“Even when I have time,” he wrote to Mrs. Mayhew (December 19, 1878), “I always decline luncheons. I have no appetite for a meal at that time, and you’ll perhaps sympathise with my dislike for sitting to watch others eat and drink.”*

I really don’t think you have to know much about Lewis Carroll, aka Charles Dodgson, to know that there’s some food issues going on. Basic comprehension of the Alice books will tell you. Sweets declaring “Eat me!” and unmarked bottles imploring Alice to “Drink me!”, (which she does, because she’s all about the sensible) both causing temperamental changes in size. It’s clear that food is a prominent theme and it would have been daft not to photograph that idea, and it was a great excuse to buy many bags of sweets even though I only needed one in the end….. The sugar crash was well worth it.

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Not too keen on eating himself, but always made sure other’s ate, especially his young friends:

“Could you give… the 3 girls… something to eat before we go? To be very hungry lessens ones enjoyment of a play.”*

23851332614_d02de7e56a_bPerhaps the diet of biscuits throughout the year was to make space for his birthday treat!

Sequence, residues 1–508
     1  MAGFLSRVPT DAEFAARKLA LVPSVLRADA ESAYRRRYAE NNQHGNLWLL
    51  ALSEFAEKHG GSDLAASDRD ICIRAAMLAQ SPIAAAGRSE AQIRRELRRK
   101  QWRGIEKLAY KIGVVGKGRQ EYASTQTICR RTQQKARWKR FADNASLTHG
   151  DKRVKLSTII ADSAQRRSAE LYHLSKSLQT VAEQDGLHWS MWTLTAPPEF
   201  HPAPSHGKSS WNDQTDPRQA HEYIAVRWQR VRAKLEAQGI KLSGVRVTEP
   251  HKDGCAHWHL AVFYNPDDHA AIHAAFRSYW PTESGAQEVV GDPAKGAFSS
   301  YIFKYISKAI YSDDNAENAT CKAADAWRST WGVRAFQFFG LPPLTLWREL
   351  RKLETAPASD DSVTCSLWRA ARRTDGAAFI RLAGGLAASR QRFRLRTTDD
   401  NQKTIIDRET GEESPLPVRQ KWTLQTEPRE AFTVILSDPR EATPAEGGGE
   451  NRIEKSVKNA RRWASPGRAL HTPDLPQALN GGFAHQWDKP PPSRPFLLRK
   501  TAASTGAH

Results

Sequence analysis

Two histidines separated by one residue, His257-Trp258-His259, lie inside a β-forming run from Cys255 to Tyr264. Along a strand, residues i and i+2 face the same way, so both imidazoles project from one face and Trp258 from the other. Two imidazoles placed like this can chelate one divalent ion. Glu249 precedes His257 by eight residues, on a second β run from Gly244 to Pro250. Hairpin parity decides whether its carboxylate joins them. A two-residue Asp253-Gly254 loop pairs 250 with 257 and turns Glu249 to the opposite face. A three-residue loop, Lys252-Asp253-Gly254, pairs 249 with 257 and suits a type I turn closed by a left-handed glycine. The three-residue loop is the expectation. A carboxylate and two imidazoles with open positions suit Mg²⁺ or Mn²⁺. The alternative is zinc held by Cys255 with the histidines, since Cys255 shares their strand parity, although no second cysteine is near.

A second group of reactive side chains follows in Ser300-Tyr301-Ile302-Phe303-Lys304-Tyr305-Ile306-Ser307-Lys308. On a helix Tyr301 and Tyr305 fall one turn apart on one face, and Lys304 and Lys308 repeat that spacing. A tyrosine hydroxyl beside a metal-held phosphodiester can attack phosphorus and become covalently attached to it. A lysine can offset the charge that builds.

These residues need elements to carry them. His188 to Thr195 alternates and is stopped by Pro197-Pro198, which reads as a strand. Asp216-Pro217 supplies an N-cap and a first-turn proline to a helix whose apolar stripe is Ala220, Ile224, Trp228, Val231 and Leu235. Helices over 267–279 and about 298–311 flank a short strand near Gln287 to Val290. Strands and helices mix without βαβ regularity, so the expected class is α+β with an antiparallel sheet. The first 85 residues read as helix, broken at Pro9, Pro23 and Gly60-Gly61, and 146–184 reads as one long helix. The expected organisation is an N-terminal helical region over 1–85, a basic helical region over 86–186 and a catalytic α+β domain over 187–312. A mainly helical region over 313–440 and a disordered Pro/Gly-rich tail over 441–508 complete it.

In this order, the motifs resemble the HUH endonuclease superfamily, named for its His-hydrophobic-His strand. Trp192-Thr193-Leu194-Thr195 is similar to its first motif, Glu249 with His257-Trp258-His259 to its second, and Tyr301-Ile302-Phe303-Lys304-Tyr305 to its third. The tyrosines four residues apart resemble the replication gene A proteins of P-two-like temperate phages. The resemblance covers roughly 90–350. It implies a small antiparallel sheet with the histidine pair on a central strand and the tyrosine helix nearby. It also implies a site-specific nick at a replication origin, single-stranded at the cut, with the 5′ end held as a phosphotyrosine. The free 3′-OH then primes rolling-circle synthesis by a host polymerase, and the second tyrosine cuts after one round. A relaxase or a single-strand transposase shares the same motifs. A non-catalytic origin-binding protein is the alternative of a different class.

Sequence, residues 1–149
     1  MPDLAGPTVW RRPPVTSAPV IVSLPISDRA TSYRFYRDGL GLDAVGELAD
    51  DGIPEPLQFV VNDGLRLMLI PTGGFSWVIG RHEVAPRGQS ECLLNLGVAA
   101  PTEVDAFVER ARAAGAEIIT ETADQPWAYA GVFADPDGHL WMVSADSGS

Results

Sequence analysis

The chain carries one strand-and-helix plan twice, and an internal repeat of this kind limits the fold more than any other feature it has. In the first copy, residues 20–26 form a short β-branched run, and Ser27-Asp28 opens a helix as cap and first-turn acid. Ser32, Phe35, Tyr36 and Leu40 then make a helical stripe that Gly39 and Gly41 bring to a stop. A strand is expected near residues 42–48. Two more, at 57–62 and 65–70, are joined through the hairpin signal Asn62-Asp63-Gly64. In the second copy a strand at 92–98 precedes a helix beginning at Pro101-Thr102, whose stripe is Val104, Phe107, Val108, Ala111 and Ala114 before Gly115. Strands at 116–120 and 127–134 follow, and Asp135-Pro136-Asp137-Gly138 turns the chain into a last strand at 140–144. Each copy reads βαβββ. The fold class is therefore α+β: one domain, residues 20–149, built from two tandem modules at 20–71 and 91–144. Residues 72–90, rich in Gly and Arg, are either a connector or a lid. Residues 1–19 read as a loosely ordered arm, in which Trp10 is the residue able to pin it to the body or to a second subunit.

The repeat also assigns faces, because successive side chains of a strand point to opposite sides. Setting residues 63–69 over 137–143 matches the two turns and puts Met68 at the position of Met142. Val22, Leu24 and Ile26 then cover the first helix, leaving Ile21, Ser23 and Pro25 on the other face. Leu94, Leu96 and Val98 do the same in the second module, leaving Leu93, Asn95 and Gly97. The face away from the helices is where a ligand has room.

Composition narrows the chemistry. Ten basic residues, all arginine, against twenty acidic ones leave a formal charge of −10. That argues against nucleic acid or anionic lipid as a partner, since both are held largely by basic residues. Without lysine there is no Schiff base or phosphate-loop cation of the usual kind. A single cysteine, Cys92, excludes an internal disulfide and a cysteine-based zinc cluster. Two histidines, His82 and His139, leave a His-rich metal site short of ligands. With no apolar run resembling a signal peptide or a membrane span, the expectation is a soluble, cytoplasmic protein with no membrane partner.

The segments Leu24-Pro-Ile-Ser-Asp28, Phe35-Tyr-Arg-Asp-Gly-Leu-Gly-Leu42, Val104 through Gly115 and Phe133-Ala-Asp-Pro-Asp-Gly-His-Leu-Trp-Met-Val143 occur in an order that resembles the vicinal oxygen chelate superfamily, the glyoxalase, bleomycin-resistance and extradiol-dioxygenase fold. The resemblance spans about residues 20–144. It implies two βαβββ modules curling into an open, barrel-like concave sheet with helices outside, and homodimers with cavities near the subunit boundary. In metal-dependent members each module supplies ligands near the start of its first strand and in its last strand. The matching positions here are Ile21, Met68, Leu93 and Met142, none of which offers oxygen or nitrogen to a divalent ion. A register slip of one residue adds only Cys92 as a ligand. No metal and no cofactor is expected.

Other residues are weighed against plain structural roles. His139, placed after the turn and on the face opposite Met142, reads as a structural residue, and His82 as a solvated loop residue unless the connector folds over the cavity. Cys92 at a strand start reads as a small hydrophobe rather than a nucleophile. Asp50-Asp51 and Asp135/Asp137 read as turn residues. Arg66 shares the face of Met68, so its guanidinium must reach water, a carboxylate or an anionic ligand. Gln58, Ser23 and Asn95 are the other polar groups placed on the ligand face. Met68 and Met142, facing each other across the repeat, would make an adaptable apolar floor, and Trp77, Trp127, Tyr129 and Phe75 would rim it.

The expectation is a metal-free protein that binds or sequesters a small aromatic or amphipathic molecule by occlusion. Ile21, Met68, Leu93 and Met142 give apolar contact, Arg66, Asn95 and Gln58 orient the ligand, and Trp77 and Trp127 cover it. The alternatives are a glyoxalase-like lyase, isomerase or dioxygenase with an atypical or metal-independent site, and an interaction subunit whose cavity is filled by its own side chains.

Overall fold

“And what do you think I am going to have as my birthday treat?” Charles wrote. “A whole plum-pudding! It is to be about the size for four people to eat: and I shall eat it in my room, all by myself! The Doctor said he is “afraid I shall be ill”; but I simply say ‘Nonsense!'”  *

I’m not a dietitian, or a nutritionist, but I’m pretty sure that’s not a healthy approach to food.

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Please don’t make any difference, for me, in your family bill or fare. Dinner parties have too many courses for me. Even our daily High Table is much more than I care for.”*

I think it’s pretty clear that Dodgson/Carroll had some complex food issues, maybe not so much due to body issues, but control. Some believed it was stemmed from neurosis, to be honest, I don’t know enough about the man to comment why, but there is a control issue here. And even in just the context of the Alice stories, food is a negative; the unstable changes in size, A Queen willing to behead people for stealing some tarts (though Jam tarts are awesome, I would be a bit pissed too), that whole incident with the pepper and a baby turning into a pig. I don’t know about you, but I wouldn’t put Wonderland in the Michelin Guide.

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Whatever the reason for the food motifs, I hope you enjoyed the amazing use of selective colour and wild developing skills! Truly at the height of innovation here.

Bon Appetit!

ps. Hope you all had a good Christmas and New Year full of tasty treats!

*Quotes from Lewis Carroll: A Biography by By Morton N Cohen

 

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